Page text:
Second, even if the Obama administration had somehow managed to hold the international community together, additional sanctions (or military threats) aimed at forcing the Iranian regime to make an existential choice would not have made Tehran cry uncle. There is no question that nuclear sanctions — especially major oil-related sanctions imposed by the United States and the EU in 2012 — took a serious toll on the Iranian economy. Between 2012 and 2015, Iran lost around $160 billion in oil revenue, and Iran’s economy was perhaps 15 to 20 percent smaller in 2015 than it otherwise would have been if 2012 growth trajectories had continued. And yet, during the Iran-Iraq war, Iran absorbed more than $600 billion in economic damages and hundreds of thousands of casualties — and it still took eight years for the regime to settle for a tie. There is simply no evidence that the regime in 2015 would have buckled.
Moreover, despite the tremendous pressure Tehran was under prior to the JCPOA, Iranian leaders viewed total capitulation as a bigger danger to their rule than additional international pressure. The regime had invested more than $100 billion over the years in mastering uranium-enrichment technology and defending Iran’s “nuclear rights.” And the regime’s revolutionary identity was (and remains) defined by opposition to the United States, Israel, and the West. Supreme Leader Ali Khamenei and other Iranian hard-liners would have perceived demands to permanently dismantle the Iran’s civilian nuclear infrastructure, disarm the country’s conventional retaliatory capabilities (ballistic missiles), and abandon regional “resistance” as graver threats to the regime’s legitimacy and survival than additional sanctions or even a military strike. They would not have caved. And had the Obama administration insisted on a maximalist position and raised the threat level, the regime would have played on the assault by “arrogant powers” to rally public support against the Great Satan. That was especially true after Hassan Rouhani won the presidency in 2013. Rouhani ran on a platform of reintegration into the global economy. Had the United States responded to his ascendance and the window it provided for a nuclear compromise with escalating sanctions and saber-rattling, it would have made it even easier for Iranian officials opposed to any accommodation with Washington to portray America as irreconcilably hostile. Hard-liners in the regime would’ve been strengthened, not weakened.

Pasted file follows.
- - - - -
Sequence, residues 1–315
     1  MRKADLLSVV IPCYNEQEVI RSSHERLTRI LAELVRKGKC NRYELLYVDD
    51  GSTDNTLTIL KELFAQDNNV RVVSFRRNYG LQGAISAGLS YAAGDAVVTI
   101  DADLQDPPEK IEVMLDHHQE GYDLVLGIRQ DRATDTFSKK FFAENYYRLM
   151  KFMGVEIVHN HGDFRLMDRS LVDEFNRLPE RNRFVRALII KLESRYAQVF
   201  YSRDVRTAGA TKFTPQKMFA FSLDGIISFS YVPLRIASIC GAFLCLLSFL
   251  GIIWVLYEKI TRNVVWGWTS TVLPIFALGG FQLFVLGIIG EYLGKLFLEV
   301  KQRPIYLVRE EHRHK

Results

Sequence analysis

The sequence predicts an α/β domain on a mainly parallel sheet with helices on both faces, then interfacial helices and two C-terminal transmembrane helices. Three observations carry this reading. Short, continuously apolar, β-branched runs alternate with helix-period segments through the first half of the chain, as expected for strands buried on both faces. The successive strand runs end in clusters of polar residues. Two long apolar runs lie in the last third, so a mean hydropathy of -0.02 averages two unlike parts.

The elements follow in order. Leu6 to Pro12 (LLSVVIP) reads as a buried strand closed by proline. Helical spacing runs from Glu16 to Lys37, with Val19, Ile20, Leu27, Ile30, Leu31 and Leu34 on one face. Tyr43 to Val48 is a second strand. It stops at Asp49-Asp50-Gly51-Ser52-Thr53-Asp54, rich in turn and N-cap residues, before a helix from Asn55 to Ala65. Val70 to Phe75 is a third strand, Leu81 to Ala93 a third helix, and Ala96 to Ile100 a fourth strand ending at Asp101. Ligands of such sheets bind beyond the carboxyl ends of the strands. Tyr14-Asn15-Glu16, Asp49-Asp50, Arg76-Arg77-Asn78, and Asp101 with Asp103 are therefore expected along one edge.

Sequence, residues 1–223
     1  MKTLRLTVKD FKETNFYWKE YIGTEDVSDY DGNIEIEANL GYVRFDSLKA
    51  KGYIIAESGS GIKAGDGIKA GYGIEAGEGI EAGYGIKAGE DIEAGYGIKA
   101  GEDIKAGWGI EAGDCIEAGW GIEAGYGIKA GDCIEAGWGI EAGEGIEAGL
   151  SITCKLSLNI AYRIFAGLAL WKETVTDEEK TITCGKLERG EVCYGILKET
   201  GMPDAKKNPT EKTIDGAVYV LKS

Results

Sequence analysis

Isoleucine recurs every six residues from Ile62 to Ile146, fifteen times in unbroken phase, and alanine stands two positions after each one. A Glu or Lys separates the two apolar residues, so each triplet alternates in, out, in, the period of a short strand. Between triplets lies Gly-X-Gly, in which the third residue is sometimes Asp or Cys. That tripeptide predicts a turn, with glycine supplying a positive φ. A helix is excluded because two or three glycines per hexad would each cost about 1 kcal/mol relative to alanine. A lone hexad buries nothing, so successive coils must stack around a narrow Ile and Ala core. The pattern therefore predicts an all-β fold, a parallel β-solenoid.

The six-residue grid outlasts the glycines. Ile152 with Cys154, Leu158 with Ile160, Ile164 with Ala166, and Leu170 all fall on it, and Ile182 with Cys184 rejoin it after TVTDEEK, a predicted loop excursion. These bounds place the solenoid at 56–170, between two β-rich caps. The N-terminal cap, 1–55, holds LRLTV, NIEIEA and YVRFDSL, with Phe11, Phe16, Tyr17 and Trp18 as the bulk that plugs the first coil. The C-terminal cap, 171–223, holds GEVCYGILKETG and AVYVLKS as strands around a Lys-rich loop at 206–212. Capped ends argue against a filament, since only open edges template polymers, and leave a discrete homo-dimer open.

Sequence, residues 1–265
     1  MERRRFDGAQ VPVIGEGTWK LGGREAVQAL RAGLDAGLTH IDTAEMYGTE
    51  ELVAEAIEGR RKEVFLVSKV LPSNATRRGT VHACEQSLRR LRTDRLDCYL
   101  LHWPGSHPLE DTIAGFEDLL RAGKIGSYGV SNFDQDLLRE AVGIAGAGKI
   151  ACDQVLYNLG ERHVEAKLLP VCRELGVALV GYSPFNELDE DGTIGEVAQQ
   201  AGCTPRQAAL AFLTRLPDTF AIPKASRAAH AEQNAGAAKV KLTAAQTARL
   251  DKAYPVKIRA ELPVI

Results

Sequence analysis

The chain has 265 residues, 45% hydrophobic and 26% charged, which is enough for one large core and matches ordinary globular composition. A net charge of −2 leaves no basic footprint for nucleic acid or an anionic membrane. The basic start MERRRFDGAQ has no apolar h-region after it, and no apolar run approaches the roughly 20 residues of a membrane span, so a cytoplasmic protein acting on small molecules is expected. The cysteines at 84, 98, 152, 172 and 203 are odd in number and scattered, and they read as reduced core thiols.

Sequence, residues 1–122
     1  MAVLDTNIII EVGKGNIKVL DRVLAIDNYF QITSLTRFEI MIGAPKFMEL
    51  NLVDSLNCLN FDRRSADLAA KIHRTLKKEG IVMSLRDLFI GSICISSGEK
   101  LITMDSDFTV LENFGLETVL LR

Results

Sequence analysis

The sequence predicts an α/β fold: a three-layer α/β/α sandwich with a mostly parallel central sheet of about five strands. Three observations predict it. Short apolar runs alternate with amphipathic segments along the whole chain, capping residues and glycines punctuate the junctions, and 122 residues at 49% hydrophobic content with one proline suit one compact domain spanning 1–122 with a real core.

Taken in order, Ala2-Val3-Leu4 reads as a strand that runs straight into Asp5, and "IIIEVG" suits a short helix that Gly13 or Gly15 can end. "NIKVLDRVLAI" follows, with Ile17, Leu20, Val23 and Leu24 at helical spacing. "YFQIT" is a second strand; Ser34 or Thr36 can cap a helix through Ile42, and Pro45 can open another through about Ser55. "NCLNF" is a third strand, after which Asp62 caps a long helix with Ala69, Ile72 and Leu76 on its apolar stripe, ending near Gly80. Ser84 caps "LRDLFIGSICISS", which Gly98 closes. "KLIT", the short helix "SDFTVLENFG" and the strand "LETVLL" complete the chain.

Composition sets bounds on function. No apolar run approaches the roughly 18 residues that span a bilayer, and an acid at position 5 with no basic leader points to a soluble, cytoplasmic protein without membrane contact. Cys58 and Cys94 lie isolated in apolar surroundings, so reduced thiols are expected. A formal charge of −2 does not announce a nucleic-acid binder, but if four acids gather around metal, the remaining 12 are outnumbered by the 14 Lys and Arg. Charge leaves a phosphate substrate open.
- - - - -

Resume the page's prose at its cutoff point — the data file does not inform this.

Finally, even if it would have theoretically been possible to bring the regime to its knees, critics have to contend with another reality: time. As negotiations entered their final phase in 2013 to 2015, there simply was not enough time for pressure to work before the nuclear clock struck midnight. According to open-source estimates, Iran’s “breakout” time — the time it would theoretically take to produce one nuclear bomb’s worth of weapons-grade uranium — fell from around 6 months in 2010 to one or two months by mid-2013. An interim nuclear agreement reached between the P5+1 and Iran in the fall of 2013 put temporary caps on Iranian enrichment levels, expanding the breakout cushion to about two or three months and buying some time to negotiate a comprehensive accord.
Yet if JCPOA talks had collapsed, and Iran had resumed its nuclear progress, the breakout time would likely have fallen to near zero within a year. The Iranians were also poised to complete construction of the Arak heavy-water research reactor within about a year, opening a potential plutonium pathway to a nuclear weapon. Consequently, had the Obama negotiation failed to reach a comprehensive agreement, Iran was in a position to move rapidly toward a nuclear point of no return before an enhanced pressure campaign culminated. The United States, Israel, and the world would have been confronted with the fateful choice of living with an Iranian nuclear bomb or bombing Iran long before conditions were ripe for producing the mythical better deal. (And for those who may think there was or is a neat and enduring American or Israeli military solution to Iran’s nuclear program, I can tell you — as the former Pentagon official with responsibility for overseeing contingency plans for Iran — there wasn’t and there isn’t.)